Tomorrow can’t wait.

At UVA Health System, we are taking a critical look at what has come before to discover, research, teach, and care for patients in an entirely new way. You can help.

These are our stories

Researchers at UVA are on track to eradicate a disease that plagues nearly 1.5 million Americans, many of whom are children and adolescents. With the help of experts from across disciplines, UVA’s School of Medicine is leading a three-pronged approach to better detect, control and eventually cure Type 1 diabetes.

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More from the @uvahealth Nursing Excellence Awards: our very own Hero of the Week Linda Anderson, who was the recipient of the Exemplary Clinical Practice award! Seen here with her brother, daughter, son, granddaughter, and three great-grandchildren. Thank you Linda for taking care of all our patients (and us residents!) on all those night shifts. #HOTW #nurses #nursing #neuronurses #6central #nursingexcellence @uva

One-third of strokes happen to people under age 65. Take our assessment to find out if you're at risk… https://t.co/RL92dcmOFy

A critical partnership for the future that benefits the entire commonwealth! https://t.co/Fvlww85tsw

When Lauren was diagnosed with a rare autoimmune disease, her doctor described it as "a tiger living inside you."

Pediatric researchers sharing their work, which tackles topics from asthma to food allergies to the effects of the first bath on newborn skin #UVA #research

UVA's Code ANA Teaches Schools About Food Allergies

Each year in this country, 200,000 people require emergency medical care for an allergic reaction to food, and experts say the problem is growing. Click the photo to learn more.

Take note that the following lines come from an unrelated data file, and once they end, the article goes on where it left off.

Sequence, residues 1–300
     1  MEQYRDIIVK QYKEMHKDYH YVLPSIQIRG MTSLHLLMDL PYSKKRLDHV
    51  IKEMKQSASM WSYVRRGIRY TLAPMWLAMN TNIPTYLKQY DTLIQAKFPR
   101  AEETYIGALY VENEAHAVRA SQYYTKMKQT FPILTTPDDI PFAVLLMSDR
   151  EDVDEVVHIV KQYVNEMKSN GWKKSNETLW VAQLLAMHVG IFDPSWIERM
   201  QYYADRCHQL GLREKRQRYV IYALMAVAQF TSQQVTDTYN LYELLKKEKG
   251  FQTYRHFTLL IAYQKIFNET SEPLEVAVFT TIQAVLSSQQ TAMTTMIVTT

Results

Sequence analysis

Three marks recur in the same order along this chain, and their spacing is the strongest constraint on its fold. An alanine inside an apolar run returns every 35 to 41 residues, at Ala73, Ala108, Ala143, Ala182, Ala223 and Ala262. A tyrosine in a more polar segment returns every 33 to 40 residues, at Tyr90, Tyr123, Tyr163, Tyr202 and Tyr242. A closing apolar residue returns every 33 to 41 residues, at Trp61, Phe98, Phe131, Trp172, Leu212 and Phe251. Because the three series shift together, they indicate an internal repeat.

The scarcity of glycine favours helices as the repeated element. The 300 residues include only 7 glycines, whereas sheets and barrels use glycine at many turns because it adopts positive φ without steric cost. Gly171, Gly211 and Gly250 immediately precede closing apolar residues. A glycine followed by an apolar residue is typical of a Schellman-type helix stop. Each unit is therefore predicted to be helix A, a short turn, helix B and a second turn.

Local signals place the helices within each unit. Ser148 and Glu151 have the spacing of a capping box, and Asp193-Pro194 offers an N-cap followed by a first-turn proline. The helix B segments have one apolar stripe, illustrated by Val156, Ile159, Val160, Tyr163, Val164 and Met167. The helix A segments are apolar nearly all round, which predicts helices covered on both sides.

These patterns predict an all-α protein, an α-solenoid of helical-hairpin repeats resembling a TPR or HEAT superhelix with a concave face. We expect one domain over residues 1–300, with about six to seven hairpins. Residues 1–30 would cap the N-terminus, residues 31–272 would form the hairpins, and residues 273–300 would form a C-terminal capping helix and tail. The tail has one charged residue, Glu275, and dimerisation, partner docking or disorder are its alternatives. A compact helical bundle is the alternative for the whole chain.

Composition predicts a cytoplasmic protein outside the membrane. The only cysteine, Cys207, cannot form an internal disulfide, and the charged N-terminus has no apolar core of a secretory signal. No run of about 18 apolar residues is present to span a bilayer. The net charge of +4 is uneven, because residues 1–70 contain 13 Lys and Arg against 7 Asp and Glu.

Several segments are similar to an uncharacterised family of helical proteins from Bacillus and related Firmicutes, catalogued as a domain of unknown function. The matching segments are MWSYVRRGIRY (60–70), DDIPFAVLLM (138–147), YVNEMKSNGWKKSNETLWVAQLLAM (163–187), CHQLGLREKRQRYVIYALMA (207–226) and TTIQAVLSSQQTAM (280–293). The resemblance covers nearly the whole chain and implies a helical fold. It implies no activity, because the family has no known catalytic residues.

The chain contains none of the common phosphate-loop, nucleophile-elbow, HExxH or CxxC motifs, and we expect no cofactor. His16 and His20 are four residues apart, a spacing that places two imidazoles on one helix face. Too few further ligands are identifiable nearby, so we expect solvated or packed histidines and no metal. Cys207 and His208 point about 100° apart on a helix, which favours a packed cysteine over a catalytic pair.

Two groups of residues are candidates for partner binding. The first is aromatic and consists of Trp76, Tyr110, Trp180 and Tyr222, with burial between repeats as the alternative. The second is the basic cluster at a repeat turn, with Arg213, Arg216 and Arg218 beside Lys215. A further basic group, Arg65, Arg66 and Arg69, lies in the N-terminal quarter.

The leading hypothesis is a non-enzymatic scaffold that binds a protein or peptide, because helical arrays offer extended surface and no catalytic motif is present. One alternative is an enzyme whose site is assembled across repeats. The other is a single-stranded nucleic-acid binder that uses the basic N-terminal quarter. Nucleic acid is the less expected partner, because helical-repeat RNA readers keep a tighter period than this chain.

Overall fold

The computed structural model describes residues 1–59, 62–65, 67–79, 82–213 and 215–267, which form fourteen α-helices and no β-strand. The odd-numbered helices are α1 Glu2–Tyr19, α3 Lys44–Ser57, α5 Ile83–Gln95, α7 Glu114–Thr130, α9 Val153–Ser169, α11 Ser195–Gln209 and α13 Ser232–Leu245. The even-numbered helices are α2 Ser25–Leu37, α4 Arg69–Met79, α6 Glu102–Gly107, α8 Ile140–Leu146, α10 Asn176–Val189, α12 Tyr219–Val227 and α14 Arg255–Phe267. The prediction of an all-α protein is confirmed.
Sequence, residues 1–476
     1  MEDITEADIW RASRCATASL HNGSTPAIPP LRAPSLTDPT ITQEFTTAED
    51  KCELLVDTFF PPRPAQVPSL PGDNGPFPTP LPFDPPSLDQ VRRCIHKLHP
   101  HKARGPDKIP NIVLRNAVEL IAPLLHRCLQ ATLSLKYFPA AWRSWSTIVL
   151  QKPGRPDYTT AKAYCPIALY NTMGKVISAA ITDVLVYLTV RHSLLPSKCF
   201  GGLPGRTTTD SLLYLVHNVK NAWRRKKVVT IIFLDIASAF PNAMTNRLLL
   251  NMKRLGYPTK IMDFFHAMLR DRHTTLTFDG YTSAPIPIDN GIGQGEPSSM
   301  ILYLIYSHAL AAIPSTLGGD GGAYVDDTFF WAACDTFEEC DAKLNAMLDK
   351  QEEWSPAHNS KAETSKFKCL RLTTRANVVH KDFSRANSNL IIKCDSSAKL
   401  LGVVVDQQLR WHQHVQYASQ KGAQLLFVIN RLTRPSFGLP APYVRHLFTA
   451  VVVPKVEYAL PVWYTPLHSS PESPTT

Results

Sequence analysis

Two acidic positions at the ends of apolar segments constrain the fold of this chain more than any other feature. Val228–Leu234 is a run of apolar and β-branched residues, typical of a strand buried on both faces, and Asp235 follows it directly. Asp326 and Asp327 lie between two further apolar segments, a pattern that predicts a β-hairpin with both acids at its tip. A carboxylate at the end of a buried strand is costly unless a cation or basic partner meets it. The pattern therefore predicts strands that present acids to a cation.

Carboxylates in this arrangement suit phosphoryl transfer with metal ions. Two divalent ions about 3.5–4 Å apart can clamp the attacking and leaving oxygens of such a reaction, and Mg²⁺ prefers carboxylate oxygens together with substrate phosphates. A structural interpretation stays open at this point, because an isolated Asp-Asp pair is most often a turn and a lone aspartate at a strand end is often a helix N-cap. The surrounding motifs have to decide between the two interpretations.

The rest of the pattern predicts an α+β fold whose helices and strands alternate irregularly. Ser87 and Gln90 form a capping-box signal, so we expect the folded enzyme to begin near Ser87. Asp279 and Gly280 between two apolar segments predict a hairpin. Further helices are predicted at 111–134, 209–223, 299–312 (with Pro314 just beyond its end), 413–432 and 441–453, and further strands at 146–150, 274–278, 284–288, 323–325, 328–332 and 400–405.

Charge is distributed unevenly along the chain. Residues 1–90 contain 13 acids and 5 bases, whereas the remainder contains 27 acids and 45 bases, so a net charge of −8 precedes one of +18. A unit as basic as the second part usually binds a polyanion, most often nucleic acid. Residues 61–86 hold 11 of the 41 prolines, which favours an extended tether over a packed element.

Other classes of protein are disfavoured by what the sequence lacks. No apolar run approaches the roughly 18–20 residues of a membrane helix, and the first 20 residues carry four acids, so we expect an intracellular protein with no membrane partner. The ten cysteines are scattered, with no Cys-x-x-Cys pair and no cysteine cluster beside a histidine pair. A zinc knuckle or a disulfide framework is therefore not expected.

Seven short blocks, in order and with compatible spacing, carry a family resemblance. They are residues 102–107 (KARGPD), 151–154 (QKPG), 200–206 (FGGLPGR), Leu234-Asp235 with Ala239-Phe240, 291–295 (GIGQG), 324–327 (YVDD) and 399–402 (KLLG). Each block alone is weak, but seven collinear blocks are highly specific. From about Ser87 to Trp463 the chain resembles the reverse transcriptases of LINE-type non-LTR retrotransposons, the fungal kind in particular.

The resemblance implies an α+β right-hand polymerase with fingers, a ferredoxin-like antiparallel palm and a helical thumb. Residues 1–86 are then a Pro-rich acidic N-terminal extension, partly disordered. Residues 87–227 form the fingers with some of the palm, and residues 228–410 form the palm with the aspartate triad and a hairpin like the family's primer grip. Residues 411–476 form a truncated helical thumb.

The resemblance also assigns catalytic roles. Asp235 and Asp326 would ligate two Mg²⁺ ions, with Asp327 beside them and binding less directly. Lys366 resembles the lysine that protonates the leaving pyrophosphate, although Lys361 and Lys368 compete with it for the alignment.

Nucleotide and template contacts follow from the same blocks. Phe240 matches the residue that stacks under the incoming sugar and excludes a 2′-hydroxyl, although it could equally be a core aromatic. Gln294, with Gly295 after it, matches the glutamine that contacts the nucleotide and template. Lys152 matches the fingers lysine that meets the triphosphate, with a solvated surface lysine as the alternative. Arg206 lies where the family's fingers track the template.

For the next time you're planning for an appointment. Remember, though, that exams with contrast may take longer so be sure and check!

Clock Mystery from 350 years Ago Sheds Light on Human Health

IN A NUTSHELL: A peculiar phenomenon observed in pendulum clocks in 1665 also explains how the body times the replacement of disease-preventing cells in our guts, researchers have found. The discovery could help doctors determine when to give drugs, cancer treatments, probiotics and vaccines for best effect. Click the photo to read more.

At age 34, Dr. Jay Gillenwater became the youngest chairman of the department in 1967. During his tenure the department acquired the first lithotripter, a device used during cystoscopy to crush and remove bladder, ureteral, and renal stones. The acquisition was a major milestone in the history of the Urology Department and the School of Medicine at the University of Virginia.